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Investing in Argo Investments (ASX:ARG) five years ago would have delivered you a 40% gain

·3-min read

These days it's easy to simply buy an index fund, and your returns should (roughly) match the market. But the truth is, you can make significant gains if you buy good quality businesses at the right price. For example, the Argo Investments Limited (ASX:ARG) share price is 17% higher than it was five years ago, which is more than the market average. Over the last year the stock price is up, albeit only a modest 0.8%.

Let's take a look at the underlying fundamentals over the longer term, and see if they've been consistent with shareholders returns.

See our latest analysis for Argo Investments

While the efficient markets hypothesis continues to be taught by some, it has been proven that markets are over-reactive dynamic systems, and investors are not always rational. One way to examine how market sentiment has changed over time is to look at the interaction between a company's share price and its earnings per share (EPS).

Over half a decade, Argo Investments managed to grow its earnings per share at 0.8% a year. This EPS growth is slower than the share price growth of 3% per year, over the same period. So it's fair to assume the market has a higher opinion of the business than it did five years ago. That's not necessarily surprising considering the five-year track record of earnings growth.

The image below shows how EPS has tracked over time (if you click on the image you can see greater detail).

earnings-per-share-growth
earnings-per-share-growth

We're pleased to report that the CEO is remunerated more modestly than most CEOs at similarly capitalized companies. It's always worth keeping an eye on CEO pay, but a more important question is whether the company will grow earnings throughout the years. It might be well worthwhile taking a look at our free report on Argo Investments' earnings, revenue and cash flow.

What About Dividends?

It is important to consider the total shareholder return, as well as the share price return, for any given stock. The TSR is a return calculation that accounts for the value of cash dividends (assuming that any dividend received was reinvested) and the calculated value of any discounted capital raisings and spin-offs. Arguably, the TSR gives a more comprehensive picture of the return generated by a stock. In the case of Argo Investments, it has a TSR of 40% for the last 5 years. That exceeds its share price return that we previously mentioned. This is largely a result of its dividend payments!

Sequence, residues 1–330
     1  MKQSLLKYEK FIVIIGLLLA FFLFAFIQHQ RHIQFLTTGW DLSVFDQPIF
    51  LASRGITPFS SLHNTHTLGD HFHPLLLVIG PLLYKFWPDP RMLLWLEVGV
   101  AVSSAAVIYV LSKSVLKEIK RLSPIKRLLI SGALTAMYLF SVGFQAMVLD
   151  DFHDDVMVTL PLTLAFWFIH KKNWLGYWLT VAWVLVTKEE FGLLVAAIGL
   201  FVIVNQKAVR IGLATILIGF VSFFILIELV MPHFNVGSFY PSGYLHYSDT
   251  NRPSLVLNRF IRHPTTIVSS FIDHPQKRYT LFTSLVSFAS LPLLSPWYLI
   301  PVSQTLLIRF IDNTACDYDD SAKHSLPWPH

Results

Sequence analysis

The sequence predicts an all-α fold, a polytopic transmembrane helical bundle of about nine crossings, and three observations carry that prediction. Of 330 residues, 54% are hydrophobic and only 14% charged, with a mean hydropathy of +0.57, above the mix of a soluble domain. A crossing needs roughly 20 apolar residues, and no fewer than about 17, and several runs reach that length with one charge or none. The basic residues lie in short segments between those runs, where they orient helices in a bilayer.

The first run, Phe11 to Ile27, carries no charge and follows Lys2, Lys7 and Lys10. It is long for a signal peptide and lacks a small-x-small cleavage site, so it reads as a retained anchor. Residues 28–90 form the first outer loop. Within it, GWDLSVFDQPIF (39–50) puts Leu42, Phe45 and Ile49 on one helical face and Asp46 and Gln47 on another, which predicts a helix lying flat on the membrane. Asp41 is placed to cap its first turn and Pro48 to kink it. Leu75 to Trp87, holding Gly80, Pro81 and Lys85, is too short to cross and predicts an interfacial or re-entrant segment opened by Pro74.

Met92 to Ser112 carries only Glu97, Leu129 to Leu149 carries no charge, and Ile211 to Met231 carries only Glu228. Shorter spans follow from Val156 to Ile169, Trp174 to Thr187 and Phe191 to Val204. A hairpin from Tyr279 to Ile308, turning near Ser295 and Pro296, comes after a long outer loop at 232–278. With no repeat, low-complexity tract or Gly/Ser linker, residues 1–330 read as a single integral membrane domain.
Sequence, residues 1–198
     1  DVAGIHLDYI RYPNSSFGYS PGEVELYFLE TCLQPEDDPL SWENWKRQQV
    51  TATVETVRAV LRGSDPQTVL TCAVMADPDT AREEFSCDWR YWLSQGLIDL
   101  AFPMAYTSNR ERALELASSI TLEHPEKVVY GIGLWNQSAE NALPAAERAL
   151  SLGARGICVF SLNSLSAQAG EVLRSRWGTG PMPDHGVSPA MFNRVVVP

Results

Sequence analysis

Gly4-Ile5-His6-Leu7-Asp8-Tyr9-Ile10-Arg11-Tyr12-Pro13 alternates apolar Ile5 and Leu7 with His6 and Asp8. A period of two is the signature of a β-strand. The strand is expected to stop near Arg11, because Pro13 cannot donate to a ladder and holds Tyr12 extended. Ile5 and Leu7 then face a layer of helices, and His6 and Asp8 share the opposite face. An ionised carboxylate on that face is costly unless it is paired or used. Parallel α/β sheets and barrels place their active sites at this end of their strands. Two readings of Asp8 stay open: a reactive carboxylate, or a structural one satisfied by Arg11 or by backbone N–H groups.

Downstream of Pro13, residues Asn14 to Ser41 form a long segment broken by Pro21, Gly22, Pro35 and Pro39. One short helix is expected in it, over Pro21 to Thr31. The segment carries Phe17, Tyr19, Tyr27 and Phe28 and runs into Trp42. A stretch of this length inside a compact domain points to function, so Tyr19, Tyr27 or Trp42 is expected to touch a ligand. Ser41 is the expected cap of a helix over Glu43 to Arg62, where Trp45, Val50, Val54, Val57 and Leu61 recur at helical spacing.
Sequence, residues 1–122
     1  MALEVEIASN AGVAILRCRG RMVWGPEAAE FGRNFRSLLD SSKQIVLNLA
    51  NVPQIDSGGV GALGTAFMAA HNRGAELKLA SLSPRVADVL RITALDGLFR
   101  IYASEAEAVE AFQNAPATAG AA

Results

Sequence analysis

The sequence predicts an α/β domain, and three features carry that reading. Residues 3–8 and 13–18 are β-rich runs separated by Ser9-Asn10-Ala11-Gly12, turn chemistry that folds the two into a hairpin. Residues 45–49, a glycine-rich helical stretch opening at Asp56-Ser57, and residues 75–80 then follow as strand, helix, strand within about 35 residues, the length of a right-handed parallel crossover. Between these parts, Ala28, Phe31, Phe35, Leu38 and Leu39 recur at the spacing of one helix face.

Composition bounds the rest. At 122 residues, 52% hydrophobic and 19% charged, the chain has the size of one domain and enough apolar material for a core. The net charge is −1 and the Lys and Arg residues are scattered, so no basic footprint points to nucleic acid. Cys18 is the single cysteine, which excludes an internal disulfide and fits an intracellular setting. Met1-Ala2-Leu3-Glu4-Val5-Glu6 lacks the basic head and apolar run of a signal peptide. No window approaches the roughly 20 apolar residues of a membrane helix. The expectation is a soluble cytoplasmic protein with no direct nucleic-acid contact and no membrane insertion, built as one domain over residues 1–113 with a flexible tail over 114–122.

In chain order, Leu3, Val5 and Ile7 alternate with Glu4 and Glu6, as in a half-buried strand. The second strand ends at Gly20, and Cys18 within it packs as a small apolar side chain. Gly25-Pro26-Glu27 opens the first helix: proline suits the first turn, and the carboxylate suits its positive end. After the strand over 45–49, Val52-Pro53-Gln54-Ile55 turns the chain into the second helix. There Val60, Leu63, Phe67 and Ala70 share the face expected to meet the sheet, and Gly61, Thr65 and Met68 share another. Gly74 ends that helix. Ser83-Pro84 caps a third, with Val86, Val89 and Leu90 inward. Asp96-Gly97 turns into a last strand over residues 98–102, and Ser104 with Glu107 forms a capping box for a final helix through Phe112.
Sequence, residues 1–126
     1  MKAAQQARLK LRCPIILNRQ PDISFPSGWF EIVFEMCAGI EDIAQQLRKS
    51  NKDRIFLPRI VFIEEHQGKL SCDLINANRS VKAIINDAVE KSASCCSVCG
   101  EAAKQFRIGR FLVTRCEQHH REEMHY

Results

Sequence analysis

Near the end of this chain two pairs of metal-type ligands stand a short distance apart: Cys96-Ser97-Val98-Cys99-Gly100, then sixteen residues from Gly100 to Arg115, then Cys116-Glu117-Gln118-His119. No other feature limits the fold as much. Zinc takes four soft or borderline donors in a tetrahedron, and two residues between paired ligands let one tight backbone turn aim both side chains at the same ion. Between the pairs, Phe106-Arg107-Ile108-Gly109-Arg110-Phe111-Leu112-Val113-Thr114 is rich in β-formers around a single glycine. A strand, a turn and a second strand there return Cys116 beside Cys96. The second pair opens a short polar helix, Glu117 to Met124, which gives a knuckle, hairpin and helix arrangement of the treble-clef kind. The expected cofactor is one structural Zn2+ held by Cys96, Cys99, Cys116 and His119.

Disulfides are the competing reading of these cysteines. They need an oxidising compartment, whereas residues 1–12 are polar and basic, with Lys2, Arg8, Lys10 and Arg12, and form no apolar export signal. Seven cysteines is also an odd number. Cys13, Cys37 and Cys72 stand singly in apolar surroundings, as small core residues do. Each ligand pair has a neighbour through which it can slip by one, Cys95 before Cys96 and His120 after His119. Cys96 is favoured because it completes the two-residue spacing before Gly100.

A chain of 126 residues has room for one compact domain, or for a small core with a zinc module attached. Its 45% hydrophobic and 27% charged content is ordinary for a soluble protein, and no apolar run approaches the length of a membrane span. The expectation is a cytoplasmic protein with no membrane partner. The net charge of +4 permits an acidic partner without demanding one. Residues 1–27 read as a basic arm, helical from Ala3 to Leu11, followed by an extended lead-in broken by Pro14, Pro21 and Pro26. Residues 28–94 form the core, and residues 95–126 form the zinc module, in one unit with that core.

A Different Perspective

It's nice to see that Argo Investments shareholders have received a total shareholder return of 3.9% over the last year. And that does include the dividend. Having said that, the five-year TSR of 7% a year, is even better. The pessimistic view would be that be that the stock has its best days behind it, but on the other hand the price might simply be moderating while the business itself continues to execute. I find it very interesting to look at share price over the long term as a proxy for business performance. But to truly gain insight, we need to consider other information, too. For instance, we've identified 3 warning signs for Argo Investments (2 are concerning) that you should be aware of.

Of course, you might find a fantastic investment by looking elsewhere. So take a peek at this free list of companies we expect will grow earnings.

Please note, the market returns quoted in this article reflect the market weighted average returns of stocks that currently trade on AU exchanges.

Have feedback on this article? Concerned about the content? Get in touch with us directly. Alternatively, email editorial-team (at) simplywallst.com.

This article by Simply Wall St is general in nature. We provide commentary based on historical data and analyst forecasts only using an unbiased methodology and our articles are not intended to be financial advice. It does not constitute a recommendation to buy or sell any stock, and does not take account of your objectives, or your financial situation. We aim to bring you long-term focused analysis driven by fundamental data. Note that our analysis may not factor in the latest price-sensitive company announcements or qualitative material. Simply Wall St has no position in any stocks mentioned.

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